PERSPECTIVE3-5 min to read

Watch: 2023 Asian Macro Outlook

While the mood has been unsurprisingly gloomy in 2022, Asian local currency bonds have shown resilience and have outperformed global bonds. Our experts are hopeful about 2023 as the rate-hike cycle globally appears to be nearing its peak. Our Head of Asian Macro, Julia Ho, shares more about the outlook for Asian currencies in the new year.



Julia Ho
Head of Asian Macro, Fixed Income

What have been the key drivers over 2022?

The better macro fundamentals, especially fiscal, debt levels, external balances and most importantly the adherence to conventional monetary policies during the height of the Covid19 pandemic has resulted in a less inflationary environment in Asia compared to the rest of the world.

As a result, Asian local currency bonds have shown resilience and have outperformed global bonds so far this year. And this is against a backdrop of aggressive US Federal Reserve tightening and a strong US dollar.

What are the key themes expected to drive Asia markets in 2023?

While the mood has been unsurprisingly gloomy in 2022, we are more hopeful about 2023 because our view is that the rate-hike cycle globally is nearing its peak, the US dollar strength should reverse and fixed income valuations have cheapened significantly and it provides a good entry point for long term investors.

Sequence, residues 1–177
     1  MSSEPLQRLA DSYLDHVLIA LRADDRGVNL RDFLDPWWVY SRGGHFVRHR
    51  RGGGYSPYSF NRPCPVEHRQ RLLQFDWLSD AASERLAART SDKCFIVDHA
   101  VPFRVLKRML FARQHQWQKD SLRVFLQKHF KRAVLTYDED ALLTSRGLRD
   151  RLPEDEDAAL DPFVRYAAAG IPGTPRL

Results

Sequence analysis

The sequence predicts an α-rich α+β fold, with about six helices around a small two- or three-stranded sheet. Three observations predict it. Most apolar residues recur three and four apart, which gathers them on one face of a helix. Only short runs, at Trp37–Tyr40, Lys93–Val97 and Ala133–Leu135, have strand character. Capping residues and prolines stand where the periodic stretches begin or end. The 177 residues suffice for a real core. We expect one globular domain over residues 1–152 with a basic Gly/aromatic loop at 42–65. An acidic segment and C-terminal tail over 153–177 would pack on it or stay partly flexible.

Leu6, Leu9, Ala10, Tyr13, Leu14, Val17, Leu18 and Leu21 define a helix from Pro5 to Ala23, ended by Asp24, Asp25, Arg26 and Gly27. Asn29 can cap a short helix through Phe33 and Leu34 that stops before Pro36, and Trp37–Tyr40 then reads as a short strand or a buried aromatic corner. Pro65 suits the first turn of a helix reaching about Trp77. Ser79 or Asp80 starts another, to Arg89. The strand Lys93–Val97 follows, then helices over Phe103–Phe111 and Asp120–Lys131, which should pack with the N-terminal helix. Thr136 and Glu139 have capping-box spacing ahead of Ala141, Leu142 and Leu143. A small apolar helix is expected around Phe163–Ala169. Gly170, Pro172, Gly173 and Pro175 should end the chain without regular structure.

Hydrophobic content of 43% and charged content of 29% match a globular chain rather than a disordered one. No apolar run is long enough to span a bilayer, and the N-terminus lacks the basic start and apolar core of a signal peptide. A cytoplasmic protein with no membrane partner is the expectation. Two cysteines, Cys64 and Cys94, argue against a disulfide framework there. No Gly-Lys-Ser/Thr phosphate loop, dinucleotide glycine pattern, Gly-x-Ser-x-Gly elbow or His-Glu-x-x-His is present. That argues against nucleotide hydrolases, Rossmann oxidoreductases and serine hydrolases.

If the US Federal Reserve shifts to a less aggressive tightening pace and pivots to a pause, this could lead to some USD softness which benefits Asian bonds, especially in the local currency space.

What areas of the Asia market does the team see opportunities going into 2023 and why?

Zooming in on China, the anchor for Asia, we caution that adjustments to the zero-Covid policy will likely be gradual, and border re-opening is going to be a bumpy ride. We are optimistic that the slow normalisation of outbound tourism should help to constrain the deterioration of Balance of Payments and stabilise the Chinese currency.

This currency stability, along with muted inflationary pressures and a modest pace of economic recovery should bode well for Chinese government bonds going into 2023 as monetary policy can stay accommodative.

Elsewhere in Asia, we see value in the short end of the curves in South Korea and Singapore where the central banks are ahead of the game in rate hikes and should be nearing the end of the tightening cycle. In terms of currencies, apart from Chinese Yuan we also favour Singapore Dollar and Korean Won on valuation grounds, as well as Indonesian Rupiah as it stands to benefit from resilient commodity prices.

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Julia Ho
Head of Asian Macro, Fixed Income


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